Home-visiting programs are run by a variety of human-services agencies and serve a variety of different goals, from ensuring that children have proper nutrition to providing new mothers information on breast-feeding or preventing child abuse. One of the goals of future research will be to identify which programs best meet differing needs.
And experts point out that although some programs may not be designed specifically to bring about future school success, that doesn't mean educators should ignore them. Programs that focus more on moving families off welfare or improving a mother's parenting skills can have less obvious but still important benefits for schools.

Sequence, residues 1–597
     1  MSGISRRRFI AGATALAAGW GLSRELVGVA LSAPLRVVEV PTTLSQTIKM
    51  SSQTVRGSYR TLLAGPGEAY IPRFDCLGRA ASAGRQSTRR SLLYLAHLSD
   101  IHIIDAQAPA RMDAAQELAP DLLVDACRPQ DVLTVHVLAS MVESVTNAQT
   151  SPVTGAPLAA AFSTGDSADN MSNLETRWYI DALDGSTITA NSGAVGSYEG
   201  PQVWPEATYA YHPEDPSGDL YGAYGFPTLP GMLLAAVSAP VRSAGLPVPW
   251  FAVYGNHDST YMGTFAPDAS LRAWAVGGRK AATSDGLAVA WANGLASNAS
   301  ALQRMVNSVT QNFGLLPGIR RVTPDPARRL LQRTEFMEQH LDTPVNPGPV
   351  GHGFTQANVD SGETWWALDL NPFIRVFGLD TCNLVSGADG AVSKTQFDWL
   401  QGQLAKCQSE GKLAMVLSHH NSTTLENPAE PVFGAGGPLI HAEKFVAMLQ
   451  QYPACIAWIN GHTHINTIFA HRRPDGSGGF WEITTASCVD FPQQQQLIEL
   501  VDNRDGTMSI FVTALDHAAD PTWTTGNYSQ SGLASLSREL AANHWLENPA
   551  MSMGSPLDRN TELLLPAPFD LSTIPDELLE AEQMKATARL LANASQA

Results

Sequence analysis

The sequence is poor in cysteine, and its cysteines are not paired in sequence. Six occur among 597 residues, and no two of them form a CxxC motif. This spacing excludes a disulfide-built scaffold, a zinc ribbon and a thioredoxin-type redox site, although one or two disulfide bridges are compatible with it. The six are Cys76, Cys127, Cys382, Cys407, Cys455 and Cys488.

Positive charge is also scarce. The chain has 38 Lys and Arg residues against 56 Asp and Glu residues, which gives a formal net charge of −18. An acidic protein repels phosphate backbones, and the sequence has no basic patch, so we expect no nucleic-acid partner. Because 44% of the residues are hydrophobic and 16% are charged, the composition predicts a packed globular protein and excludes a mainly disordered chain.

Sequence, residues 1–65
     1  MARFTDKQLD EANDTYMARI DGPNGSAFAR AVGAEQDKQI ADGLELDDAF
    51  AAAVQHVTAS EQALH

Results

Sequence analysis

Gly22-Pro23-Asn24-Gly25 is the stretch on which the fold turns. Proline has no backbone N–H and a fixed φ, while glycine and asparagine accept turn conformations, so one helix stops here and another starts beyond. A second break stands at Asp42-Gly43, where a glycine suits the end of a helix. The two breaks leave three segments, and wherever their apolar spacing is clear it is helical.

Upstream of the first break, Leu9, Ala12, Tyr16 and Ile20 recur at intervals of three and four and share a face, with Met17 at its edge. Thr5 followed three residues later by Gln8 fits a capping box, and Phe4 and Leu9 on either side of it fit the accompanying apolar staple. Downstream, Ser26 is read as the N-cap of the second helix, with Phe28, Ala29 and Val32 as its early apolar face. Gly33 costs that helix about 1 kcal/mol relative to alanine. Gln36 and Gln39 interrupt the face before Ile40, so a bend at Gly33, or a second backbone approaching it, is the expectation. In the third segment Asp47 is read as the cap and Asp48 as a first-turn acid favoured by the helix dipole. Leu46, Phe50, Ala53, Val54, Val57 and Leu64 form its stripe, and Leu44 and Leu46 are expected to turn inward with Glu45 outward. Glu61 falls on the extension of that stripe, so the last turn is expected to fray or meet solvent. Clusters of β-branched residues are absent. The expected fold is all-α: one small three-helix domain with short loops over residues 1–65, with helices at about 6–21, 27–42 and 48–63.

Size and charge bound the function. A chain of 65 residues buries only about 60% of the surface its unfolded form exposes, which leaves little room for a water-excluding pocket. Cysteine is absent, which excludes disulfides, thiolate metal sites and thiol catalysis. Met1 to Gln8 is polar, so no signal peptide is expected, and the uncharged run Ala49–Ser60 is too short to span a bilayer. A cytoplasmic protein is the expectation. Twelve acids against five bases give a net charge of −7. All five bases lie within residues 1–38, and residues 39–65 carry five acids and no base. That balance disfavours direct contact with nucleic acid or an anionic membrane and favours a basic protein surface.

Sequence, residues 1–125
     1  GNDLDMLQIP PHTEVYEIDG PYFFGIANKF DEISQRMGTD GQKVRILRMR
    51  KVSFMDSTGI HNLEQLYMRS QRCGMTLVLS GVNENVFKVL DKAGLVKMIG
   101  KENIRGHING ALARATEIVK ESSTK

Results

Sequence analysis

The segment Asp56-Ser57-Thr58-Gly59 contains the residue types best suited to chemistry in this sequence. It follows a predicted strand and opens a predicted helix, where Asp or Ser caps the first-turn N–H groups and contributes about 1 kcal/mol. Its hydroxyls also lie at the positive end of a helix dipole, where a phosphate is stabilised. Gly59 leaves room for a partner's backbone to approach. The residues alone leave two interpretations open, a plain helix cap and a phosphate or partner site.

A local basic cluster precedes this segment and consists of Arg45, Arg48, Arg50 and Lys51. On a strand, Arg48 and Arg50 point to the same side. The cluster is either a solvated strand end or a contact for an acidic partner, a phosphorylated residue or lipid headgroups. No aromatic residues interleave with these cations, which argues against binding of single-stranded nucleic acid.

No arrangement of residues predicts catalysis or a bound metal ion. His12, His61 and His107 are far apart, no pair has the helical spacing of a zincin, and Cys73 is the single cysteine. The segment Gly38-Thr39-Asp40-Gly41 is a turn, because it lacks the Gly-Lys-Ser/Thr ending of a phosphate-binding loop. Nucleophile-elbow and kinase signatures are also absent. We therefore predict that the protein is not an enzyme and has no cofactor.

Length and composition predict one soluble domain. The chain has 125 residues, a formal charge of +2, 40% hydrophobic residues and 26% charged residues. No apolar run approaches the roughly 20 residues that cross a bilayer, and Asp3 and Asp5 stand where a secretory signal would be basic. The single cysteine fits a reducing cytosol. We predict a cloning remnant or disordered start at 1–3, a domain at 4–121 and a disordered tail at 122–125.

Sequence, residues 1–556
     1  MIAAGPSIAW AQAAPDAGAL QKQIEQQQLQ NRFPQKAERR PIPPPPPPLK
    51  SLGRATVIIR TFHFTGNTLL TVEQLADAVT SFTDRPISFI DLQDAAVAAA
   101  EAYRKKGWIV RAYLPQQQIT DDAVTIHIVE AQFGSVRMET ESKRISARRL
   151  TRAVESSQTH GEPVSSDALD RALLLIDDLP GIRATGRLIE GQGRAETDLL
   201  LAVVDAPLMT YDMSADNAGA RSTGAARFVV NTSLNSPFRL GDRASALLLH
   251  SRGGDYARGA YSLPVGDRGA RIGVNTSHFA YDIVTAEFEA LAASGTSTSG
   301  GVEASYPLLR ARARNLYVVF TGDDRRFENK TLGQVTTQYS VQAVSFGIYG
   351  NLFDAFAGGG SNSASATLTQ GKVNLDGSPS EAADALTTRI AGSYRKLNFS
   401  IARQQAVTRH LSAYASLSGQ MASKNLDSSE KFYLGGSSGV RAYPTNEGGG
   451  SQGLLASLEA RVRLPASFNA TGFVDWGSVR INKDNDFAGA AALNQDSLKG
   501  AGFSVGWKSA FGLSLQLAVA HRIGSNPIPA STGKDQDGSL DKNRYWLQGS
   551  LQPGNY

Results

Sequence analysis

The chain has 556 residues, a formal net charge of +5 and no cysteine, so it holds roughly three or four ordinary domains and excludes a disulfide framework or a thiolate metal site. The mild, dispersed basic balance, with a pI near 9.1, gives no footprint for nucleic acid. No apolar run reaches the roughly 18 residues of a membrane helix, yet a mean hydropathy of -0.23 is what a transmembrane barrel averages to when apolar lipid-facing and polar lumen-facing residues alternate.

A study under way in Hawaii is exploring that question by looking at the extent to which Hawaii Healthy Start, a home-visiting program designed to prevent child abuse, is helping children in other ways.
Researchers at Johns Hopkins University in Baltimore are following 684 families for three years to determine whether Hawaii's well-regarded program also enhances children's development and better prepares them for school.
The program's administrators "started to realize that they weren't just preventing child abuse and neglect, but improving parenting along the whole continuum," says Anne K. Duggan, an associate professor of pediatrics at Johns Hopkins who is the study's principal investigator.
The issue of exactly who should be making home visits is another priority for research. Several researchers are exploring whether nurses or nonprofessionals, for example, make the best home visitors.
Common sense may suggest that nurses or social workers are best equipped to respond to the complex and deep-seated problems of poor mothers.